The students then went back inside the gym and took over the microphone.

          “This was not a vigil, this was merely a political stunt. This is not what we wanted for Kendrick. We didn’t want Kendrick to be a prop, we wanted Kendrick to be mourned,” One male student said. “We all walked out, we were not kicked out despite what you have heard, now we’re back to tell you that we love Kendrick and we love all of the survivors.”

          “I came here for my close friend Kendrick,” One female student said, “I just wanted to talk about him a little bit and everybody has been here talking about gun violence and avoiding the fact that he died.”

          The event ended peacefully with the students wrapping up their speaking and walking out.

      2. Teenagers are pro-union? I did not know that!

        You wouldn’t think that Trump was pro-Russia just by looking at him either but electing him as President has turned out to be the best decision this country ever made.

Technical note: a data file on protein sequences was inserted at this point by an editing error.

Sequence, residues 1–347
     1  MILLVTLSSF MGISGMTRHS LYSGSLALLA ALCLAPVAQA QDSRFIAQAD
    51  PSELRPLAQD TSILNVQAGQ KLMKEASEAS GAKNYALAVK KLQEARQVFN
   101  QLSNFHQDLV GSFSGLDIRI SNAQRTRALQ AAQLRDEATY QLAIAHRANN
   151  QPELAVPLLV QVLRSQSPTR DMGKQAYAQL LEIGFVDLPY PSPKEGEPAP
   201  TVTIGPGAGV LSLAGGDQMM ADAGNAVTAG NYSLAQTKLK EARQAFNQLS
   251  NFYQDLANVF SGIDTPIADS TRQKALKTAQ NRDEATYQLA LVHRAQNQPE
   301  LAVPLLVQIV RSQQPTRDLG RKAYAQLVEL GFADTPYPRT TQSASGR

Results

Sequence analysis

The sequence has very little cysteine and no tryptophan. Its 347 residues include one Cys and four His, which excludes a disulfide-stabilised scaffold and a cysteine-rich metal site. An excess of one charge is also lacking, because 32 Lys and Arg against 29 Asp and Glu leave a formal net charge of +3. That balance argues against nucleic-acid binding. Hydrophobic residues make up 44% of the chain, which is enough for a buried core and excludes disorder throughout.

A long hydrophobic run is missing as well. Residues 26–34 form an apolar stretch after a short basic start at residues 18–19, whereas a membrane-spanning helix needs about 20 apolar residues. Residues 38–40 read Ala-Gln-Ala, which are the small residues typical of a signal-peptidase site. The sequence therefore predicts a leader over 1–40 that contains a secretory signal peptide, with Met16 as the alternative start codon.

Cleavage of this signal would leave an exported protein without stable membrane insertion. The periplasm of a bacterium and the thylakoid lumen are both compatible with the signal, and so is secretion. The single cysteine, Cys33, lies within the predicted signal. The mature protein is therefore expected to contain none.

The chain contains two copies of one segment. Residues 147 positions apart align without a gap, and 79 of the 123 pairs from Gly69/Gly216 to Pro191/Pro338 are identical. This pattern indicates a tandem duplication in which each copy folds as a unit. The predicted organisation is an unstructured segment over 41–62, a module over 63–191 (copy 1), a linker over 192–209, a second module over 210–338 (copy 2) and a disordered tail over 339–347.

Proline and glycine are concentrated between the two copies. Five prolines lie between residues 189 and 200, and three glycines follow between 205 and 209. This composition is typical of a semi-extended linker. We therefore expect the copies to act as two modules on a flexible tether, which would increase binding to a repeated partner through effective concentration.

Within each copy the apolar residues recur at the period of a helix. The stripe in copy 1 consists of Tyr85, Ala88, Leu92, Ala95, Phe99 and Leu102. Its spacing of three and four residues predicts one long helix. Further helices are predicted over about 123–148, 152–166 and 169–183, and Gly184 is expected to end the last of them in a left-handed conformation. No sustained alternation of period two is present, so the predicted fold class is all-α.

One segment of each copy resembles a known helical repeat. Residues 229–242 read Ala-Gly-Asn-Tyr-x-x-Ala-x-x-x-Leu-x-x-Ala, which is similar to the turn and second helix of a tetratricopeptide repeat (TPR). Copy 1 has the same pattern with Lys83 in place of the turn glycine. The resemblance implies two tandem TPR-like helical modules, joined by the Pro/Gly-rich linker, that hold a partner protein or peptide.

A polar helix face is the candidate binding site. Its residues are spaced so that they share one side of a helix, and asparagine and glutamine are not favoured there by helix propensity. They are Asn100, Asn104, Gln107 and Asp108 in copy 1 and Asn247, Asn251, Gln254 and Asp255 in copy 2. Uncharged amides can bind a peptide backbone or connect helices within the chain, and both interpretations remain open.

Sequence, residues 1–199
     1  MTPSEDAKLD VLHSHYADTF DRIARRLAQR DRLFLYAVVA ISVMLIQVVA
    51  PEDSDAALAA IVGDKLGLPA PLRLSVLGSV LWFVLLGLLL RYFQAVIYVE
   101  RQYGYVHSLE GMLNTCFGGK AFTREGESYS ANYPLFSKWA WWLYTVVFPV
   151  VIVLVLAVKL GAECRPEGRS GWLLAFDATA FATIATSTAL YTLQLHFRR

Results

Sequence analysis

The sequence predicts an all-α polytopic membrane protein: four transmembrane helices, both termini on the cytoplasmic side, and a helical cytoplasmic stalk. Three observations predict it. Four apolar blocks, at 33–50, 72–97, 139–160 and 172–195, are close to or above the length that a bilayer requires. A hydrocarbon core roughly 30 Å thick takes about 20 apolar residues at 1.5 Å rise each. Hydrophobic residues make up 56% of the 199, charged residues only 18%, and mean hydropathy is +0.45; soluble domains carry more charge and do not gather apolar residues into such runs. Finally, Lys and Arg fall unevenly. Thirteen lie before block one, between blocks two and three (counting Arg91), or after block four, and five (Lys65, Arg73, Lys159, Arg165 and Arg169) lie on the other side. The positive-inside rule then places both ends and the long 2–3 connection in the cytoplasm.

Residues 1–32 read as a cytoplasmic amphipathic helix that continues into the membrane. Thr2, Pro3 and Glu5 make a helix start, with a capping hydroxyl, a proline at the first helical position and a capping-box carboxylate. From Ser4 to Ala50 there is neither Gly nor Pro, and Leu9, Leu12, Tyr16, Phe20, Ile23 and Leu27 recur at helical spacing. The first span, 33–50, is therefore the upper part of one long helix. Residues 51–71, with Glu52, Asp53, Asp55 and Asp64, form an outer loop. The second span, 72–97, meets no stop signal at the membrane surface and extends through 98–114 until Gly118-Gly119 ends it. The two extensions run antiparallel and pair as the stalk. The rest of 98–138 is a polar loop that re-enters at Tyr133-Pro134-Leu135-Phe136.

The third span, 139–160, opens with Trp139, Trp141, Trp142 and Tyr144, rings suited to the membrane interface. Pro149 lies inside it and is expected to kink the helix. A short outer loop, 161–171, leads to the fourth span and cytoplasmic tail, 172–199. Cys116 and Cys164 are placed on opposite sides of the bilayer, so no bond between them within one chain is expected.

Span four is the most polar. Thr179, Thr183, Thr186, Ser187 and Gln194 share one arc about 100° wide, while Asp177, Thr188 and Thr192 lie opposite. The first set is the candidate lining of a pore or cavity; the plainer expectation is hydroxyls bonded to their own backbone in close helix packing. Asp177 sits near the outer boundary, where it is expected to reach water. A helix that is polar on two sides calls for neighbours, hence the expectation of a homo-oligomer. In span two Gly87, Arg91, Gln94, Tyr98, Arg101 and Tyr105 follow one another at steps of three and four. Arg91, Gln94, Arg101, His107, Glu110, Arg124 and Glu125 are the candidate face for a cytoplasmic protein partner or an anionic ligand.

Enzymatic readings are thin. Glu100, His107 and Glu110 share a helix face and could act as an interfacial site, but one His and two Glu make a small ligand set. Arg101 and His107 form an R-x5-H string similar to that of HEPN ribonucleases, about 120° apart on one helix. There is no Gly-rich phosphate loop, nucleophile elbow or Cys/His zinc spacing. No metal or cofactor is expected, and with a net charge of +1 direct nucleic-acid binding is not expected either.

3. Teenagers are pro-union? I did not know that!

        <a href="They tend to support anything be when plied with "protest field trips" by the teachers.

        1. Fuuuck. Link

          I’m going to walkout if Reason doesn’t bring back the preview button. WHO’S WITH ME?

        2. Are kids really so lame these days that they actually buy into the “protest field trip” crap. I imagine more kids just wanting out of school and maybe find some place to go smoke pot, and not really being into the cause. But maybe things have changed.

    3. Yup. This.

      Don’t give the franchise to people who spend a third of their day in government indoctrination centers. If you don’t think teachers aren’t going to sway their students’ votes, you been smoking the wacky tobaccky. Not every teacher, but enough will that it will sway the demographic. Especially in local and state elections where teachers union politics comes into play.

      I don’t trust adults to vote, but at least most adults are ostensibly making their own life decisions. Kids have most of their decisions made for them.